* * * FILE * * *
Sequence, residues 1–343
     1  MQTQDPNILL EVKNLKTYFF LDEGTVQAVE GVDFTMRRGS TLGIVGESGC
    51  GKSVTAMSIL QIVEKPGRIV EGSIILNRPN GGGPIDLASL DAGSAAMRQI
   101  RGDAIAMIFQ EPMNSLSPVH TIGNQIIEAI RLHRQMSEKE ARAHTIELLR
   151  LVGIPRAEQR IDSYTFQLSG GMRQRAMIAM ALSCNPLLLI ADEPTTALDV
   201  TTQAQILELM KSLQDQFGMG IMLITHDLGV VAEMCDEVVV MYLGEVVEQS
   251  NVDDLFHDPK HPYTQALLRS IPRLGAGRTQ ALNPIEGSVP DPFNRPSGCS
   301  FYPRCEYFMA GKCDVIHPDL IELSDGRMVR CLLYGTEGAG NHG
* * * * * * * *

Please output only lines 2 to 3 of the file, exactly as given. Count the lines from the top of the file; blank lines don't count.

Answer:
     1  MQTQDPNILL EVKNLKTYFF LDEGTVQAVE GVDFTMRRGS TLGIVGESGC
    51  GKSVTAMSIL QIVEKPGRIV EGSIILNRPN GGGPIDLASL DAGSAAMRQI